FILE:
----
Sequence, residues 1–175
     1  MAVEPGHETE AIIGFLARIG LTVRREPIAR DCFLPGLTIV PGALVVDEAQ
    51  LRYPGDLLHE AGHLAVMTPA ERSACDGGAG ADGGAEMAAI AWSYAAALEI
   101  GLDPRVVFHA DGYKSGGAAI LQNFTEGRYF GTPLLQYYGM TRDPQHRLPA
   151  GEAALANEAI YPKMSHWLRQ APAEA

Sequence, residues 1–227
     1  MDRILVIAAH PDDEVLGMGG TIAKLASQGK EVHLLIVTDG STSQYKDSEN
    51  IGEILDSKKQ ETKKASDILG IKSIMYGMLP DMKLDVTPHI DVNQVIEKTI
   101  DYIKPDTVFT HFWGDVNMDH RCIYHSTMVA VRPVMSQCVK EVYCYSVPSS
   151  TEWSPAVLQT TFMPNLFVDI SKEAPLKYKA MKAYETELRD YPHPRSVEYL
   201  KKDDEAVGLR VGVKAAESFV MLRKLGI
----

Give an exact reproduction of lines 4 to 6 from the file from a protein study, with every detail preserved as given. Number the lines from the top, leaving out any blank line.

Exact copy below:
   101  GLDPRVVFHA DGYKSGGAAI LQNFTEGRYF GTPLLQYYGM TRDPQHRLPA
   151  GEAALANEAI YPKMSHWLRQ APAEA

Sequence, residues 1–227